The Uist and Barra Public Bus Service Redesign project has used innovative methods to improve service outcomes for rural communities through procuring services in a new way.
By using participatory budgeting methodology the community has had the opportunity to be fully involved in the design and procurement of their bus services. Together with the use of an output performance specification in the procurement process and extensive engagement with suppliers this has made the project an innovative piece of work, addressing some of the key issues that face rural communities and their ability to access services.
A Participatory Budgeting approach to designing the service was undertaken with a wide range of opportunities for communities to provide input to the specification for the bus contracts. This included:
- a household questionnaire being issued to every home;
- numerous engagement events to enable people to indicate what they would most like from a bus service (targeting specific minority groups such as young people and older people);
- a second round of events where the community voted on various priorities and service delivery options, as well as the weighting within the procurement process;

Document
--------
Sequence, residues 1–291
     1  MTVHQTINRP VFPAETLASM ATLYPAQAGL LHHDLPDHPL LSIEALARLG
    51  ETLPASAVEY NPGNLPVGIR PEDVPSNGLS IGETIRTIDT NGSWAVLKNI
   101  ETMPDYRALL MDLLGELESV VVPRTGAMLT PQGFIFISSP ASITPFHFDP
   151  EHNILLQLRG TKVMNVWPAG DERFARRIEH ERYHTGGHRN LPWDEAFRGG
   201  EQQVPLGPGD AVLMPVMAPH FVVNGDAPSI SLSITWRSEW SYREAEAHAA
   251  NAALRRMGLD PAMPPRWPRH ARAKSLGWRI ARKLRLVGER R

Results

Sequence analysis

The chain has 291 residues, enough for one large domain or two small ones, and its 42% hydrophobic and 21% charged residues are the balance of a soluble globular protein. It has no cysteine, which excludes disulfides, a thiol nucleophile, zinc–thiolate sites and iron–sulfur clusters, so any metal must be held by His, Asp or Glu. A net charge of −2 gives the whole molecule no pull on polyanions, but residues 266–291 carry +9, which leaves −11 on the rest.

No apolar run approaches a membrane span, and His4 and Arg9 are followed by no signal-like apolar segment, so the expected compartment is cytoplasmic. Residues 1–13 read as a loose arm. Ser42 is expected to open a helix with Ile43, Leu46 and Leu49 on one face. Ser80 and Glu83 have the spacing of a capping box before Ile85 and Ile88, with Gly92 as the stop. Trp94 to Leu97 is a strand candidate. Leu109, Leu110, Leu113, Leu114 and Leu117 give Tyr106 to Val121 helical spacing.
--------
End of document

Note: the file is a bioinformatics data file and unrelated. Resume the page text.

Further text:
- engagement with suppliers to develop their capacity to tender for outcome specification contracts;
- engagement through the use of social media; and
- tender assessment panels being made up of only community members, who determined to whom tenders should be awarded.
The innovative approach enabled community members to effect change on a bus service that many felt was not meeting their needs. Already there is a reported increase in uptake following introduction of the new timetables. The contracts commenced on 25 March 2016. In the longer term it is hoped to use the participatory budget methodology to enable communities to become more involved in determining the outcomes of other aspects of service delivery. The community has gained an understanding of public sector procurement processes and suppliers are able to respond to public demand more easily.
Key learning included that procurement professionals need to present information about the process in a way which makes it accessible to those participating. This means removing the technical and legal information from what is provided to focus their attention on the parts where they have decision making power and can make real choices.